Karen Blixen wanted to make her points by startling the reader, somewhat as children do who make up ghost stories. She called the seven tales gothic because they hearken to the literature of the gloomy and the grotesque. They also have magical and supernatural elements. While she had read and been impressed by Mary Shelley’s Frankenstein (1818), she designed her own tales not to frighten, but to make a profound statement. The tales arise from Karen Blixen’s sense of whimsy; even in her most tragic story, she wanted the reader to discover a joke. By setting the tales a hundred years earlier, she hoped that the avoidance of realism would render the stories mythical. To reinforce this vision, she wrote each tale as a collection of intricately woven inset stories resembling, in structure, the Thousand and One Nights.
Silence in October by Jens Christian Grøndahl (1997)
This novel by acclaimed Danish author Gríndahl tells the story of a dissolving marriage in a complex, elliptical and moving way. At the book’s start, a Danish art historian wakes up in Copenhagen to find that his wife, Astrid, is leaving him. The novel then traces the events leading up to this separation. The art historian met his now departed wife while driving a cab to put himself through grad school; she happened to hail him the day she left her first husband. She sought refuge with her cabbie, and the two of them ended up together for 18 years. During the course of their marriage, the art historian falls in love with a sculptor while visiting New York on business. Though his great intelligence affords him many insights, it does not keep his private life from falling into disarray. Grøndahl carves out a convincing milieu for his protagonist, with numerous believable characters, including the alternately sensible and volatile Astrid and various sly denizens of the art world. Images and events from the present and the past are seamlessly blended so that single sentences or paragraphs sometimes span years. Gríndahl’s Proustian game playing with the strictures of time is seductive and often captivating, a narrative tightrope that he walks without a stumble. He sprinkles the book, as well, with knowing observations about human nature, characters’ perceptions of each other and memory itself, lending his tale a poetic depth that never ceases to surprise.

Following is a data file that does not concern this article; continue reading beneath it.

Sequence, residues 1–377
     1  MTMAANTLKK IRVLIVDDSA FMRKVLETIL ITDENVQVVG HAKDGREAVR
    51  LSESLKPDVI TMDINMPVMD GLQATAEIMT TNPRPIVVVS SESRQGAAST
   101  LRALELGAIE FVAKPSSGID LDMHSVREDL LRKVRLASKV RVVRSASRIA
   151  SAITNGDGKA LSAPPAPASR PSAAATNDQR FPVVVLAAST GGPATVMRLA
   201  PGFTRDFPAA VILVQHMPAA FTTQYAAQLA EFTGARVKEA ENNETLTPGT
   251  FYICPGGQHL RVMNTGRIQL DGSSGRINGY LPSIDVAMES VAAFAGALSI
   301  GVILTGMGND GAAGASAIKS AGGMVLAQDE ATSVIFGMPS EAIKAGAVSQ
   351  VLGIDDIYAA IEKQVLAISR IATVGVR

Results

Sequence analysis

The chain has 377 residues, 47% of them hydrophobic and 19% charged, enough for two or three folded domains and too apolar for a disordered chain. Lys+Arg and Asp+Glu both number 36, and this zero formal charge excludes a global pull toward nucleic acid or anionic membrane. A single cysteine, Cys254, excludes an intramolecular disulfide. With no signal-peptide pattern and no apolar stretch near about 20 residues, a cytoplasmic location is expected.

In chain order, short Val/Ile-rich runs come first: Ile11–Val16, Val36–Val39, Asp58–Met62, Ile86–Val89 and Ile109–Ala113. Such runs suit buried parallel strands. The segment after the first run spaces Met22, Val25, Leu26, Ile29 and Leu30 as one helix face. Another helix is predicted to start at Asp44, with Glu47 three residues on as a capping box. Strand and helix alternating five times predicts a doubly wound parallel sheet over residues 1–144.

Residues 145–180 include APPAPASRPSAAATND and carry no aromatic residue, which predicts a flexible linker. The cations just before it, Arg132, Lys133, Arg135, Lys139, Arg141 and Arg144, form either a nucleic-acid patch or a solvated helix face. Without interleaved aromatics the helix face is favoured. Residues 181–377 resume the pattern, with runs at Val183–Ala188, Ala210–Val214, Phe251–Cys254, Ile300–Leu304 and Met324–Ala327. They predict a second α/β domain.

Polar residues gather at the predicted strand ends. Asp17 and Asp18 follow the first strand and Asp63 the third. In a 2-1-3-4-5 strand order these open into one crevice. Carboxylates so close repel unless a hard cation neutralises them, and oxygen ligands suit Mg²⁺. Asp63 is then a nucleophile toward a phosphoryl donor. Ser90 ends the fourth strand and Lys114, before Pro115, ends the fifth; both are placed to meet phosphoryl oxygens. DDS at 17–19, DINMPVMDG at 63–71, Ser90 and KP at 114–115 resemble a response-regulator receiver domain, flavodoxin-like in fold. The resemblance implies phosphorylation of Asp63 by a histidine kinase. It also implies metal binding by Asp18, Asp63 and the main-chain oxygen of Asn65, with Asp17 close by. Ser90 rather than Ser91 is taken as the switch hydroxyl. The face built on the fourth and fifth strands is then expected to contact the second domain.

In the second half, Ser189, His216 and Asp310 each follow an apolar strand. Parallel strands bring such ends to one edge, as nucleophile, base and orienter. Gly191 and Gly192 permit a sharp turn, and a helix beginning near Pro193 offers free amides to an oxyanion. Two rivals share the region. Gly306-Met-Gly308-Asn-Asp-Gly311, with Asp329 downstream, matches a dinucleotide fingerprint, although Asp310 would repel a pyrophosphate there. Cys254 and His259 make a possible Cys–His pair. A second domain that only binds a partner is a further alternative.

The Snake [Serpent] in Sydney by Michael Larsen (1998)
Michael Larsen’s ambitious novel The Serpent in Sydney (1997) showcases his strengths as an author of the two-track thriller, drawing on both action sequences and psychological riddles to create an active examination of science, nature, and religion, and our relationship with them in the modern world. Annika Niebuhr, an Australian doctor and snake expert, treats a young girl at a hospital in Sydney. It soon becomes apparent that the girl has been bitten by the most dangerous of all Australian reptiles: the taipan. Curiously though, taipan snakes are only found in the northern part of Australia – far away from the southern city of Sydney. When one of Annika’s best friends, an expert in electronic espionage, is found dead, Annika believes she sees a connection between these two strange incidents. She soon becomes a player and a key figure in a dangerous state of warfare stretching far beyond all rationality, even – or perhaps especially – for her brilliant, practical, inquiring scientist’s mind.
Stolen Spring by Hans Scherfig (1940)
First published in Denmark in 1940, this book has been in print ever since and is one of those books everyone reads – and it has something different to say depending on your age when you read it. “‘A number of years ago an elderly man died in the Østerbro district of Copenhagen after eating a malt drop [on] a beautiful, mild evening at the beginning of June…” So begins this tale by Hans Scherfig, about the Danish bourgeoisie in the 1920s and 30s and the goings-on in one of Copenhagen’s upper-crust prep schools where the ‘elderly man,’ C. Blomme, had taught Latin to generations of boys preparing for prestigious social positions. A more-than-likely suspect in the head teacher’s death is one of his own pupils…. As we follow the odyssey of the classmates up to their 25th reunion we are introduced to secret clubs, fiendish mischief and the grind of an oppressive school routine. Scherfig, who died in 1979, was known in his native Denmark as a popular writer, painter and Marxist. Stolen Spring, regarded as his best novel, comes across as a stinging indictment of an absurd and stultifying school system; but it is also a masterful blend of suspense and satire: the broad humor, irony and sophisticated wit (sensitively translated into English for the first time [by Frank Hugus]) make for both fun and engrossing reading nearly 50 years after original publication.